Autoimmune disorder


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Autoimmune disorder

A disorder caused by a reaction of an individual's immune system against the organs or tissues of the body. Autoimmune processes can have different results: slow destruction of a particular type of cell or tissue, stimulation of an organ into excessive growth, or interference in function.

Patient discussion about Autoimmune disorder

Q. Why does the body attack itself in autoimmune diseases? And if it’s possible - How come it doesn’t happen most of the time?

A. Some say cell-wall deficient (CWD) bacteria can live inside your cells (were apparently photographed in immune cells under electron microscope). See www.marshallprotocol.com and autoimmunityresearch.org (run by the autoimmunity research foundation). Also see bacteriality.com. I have been on the MP for just over a year. It has helped a lot of my symptoms, including lowering my TSH (thyroid) from hashimoto's thyroiditis (autoimmune thyroid condition). I hope that my thyroid will eventually regain all of it's function (still taking some thyroid hormone supplement, but less). The MP is not without "side effects," which are said to be from bacterial die-off and cell death when the bacteria are killed. It is experimental and should only be undertaken with that in mind. The marshallprotocol.com website is currently moderated by volunteers. There needs to be more research on CWD bacterial colonies and their possible role in autoimmune diseases. Please mention this to your doctor(s).

Q. I heard that omega 3 is good for autoimmune diseases- is that true? I have Rheumatoid Arthritis, and I take all sort of anti inflammatory drugs. And I heard I can take omega 3 and I’ll be able to cut down the medication.

A. According to studies Omega 3 fatty acids have anti inflammatory effects and a lot of other helpful qualities. Here is a some articles I found about it. Any way you should consult your doctor maybe for you specific- it won’t help. But here it is:
http://www.jacn.org/cgi/content/abstract/21/6/495

Q. My boy has diabetes. Recently he was diagnosed with vitiligo. What is it and what can be the reason for this? My boy has diabetes. recently he was diagnosed with vitiligo. Our doctor said that he hopes it not a polyglandular autoimmune syndrome. what is vitiligo and what does this big phrase (polyglandular autoimmune syndrome) mean?

A. Vitiligo is a pigmentation disorder and the major cause of vitiligo is the autoimmunity. Some internal factor cause the destruction of melanocytes cell which produce the melanin a substance responsible for the coloration of skin. this lack of melanin infect results in <a href="http://www.antivitiligo.com/">white patch on skin</a> of hypo pigmentation.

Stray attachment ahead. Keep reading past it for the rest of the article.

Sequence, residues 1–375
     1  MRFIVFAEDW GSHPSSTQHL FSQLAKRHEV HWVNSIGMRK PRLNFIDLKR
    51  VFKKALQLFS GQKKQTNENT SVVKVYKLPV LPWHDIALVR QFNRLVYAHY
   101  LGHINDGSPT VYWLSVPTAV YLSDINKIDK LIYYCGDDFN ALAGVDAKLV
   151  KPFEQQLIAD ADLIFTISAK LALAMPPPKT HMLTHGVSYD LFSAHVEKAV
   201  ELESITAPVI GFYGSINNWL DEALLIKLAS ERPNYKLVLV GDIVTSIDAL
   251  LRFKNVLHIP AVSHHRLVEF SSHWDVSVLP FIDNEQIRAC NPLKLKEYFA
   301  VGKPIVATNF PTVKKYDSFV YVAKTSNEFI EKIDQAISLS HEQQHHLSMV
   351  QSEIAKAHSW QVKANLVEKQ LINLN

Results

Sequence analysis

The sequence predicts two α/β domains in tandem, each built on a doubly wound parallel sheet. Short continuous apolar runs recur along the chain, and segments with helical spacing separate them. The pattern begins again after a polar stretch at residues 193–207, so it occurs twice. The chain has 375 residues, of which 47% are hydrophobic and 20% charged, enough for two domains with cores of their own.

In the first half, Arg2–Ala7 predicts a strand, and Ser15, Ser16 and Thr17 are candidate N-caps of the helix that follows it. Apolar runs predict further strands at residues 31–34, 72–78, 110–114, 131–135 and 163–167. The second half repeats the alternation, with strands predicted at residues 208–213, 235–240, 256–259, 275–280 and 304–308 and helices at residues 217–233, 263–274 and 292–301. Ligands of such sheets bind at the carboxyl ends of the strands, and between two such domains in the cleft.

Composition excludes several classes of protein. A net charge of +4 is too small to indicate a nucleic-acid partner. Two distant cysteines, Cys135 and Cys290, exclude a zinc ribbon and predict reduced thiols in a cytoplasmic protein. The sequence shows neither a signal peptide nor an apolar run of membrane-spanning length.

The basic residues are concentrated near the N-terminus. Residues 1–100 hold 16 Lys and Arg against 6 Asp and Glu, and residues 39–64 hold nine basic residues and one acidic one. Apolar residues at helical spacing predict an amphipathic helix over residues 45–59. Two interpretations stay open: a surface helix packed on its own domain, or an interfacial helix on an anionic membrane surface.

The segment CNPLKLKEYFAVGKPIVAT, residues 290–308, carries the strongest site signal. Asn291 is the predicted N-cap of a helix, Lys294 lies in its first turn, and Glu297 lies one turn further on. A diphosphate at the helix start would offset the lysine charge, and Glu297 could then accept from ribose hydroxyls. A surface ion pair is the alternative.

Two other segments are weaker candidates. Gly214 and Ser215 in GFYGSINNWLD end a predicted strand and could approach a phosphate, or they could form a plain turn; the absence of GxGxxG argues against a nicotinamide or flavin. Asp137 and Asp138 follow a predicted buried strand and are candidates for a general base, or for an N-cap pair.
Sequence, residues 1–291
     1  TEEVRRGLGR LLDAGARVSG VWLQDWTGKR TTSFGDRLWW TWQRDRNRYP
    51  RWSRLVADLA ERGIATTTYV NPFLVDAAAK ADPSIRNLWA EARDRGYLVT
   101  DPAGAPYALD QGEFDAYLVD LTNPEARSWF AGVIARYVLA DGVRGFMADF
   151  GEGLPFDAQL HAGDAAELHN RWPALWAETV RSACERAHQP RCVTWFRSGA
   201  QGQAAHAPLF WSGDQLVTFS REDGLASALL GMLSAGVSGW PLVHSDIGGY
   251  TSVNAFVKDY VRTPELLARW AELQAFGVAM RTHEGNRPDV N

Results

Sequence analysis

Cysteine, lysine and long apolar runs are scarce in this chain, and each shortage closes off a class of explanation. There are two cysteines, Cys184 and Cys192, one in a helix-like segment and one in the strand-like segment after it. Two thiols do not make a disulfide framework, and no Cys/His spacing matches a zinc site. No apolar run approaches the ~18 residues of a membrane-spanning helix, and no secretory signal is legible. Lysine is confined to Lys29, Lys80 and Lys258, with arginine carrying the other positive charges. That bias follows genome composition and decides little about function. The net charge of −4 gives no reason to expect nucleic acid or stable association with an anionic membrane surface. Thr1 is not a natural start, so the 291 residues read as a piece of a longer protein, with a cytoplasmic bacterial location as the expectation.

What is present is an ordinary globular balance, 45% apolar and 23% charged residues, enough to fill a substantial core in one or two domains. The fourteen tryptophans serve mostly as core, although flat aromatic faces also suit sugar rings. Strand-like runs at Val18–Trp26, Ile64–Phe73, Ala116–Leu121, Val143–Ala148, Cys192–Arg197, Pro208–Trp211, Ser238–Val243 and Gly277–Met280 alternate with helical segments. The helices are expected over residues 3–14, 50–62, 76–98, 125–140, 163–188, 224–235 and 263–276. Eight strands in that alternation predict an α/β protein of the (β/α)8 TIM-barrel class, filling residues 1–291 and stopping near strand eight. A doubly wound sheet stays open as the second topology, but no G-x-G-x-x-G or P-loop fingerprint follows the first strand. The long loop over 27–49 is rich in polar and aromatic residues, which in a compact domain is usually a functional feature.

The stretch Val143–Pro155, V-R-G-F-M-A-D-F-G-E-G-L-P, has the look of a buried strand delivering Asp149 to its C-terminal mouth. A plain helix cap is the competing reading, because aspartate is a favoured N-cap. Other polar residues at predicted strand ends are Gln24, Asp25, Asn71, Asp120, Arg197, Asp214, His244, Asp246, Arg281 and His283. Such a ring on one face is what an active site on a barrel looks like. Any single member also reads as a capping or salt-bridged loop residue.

Normally vitiligo is not related with other disease like diabetes. However a little inheritance may include in the occurence of vitiligo.

More discussions about Autoimmune disorder
References in periodicals archive ?
The alliance opens important new markets for Medarex's technology in the area of autoimmune disorders.
Although no one can explain why the immune cells react this way, this link suggests that chronic infections, autoimmune disorders, and T cell cancers can all make osteoclasts go wild.
CorBec is focused on the development of therapeutics for autoimmune disorders, infections associated with lung and kidney disease, atherosclerosis and asthma and allergic disorders.
The mother's immune system then may recognize the cells as foreign and begin a blitz that eventually runs amok and leads to scleroderma or another autoimmune disorder, Bianchi speculates.
Autoimmune disorders are one of the continuing mysteries of immunology.
Table 56: Orphan Autoimmune Disorder Therapeutics Market, Global, Number of Deals by Year, 2004-2011 74
1 Leading Autoimmune Disorder Monoclonal Antibodies: Revenue Analysis, 2008
This information was collected from the company's 2001 report, Autoimmune Disorder Therapies, A Strategic Market Analysis.
Autoimmune disorders are nearly always chronic, but symptoms can be controlled with drugs such as steroids and anti-cancer medication.
No one knows to what degree genetics or environmental agents cause lupus, an autoimmune disorder that affects the skin, joints, and internal organs including the kidneys.
Relapsing polychondritis is a rare, systemic, autoimmune disorder that results in a progressive degeneration of cartilage caused by autoantibodies to type II cartilage.

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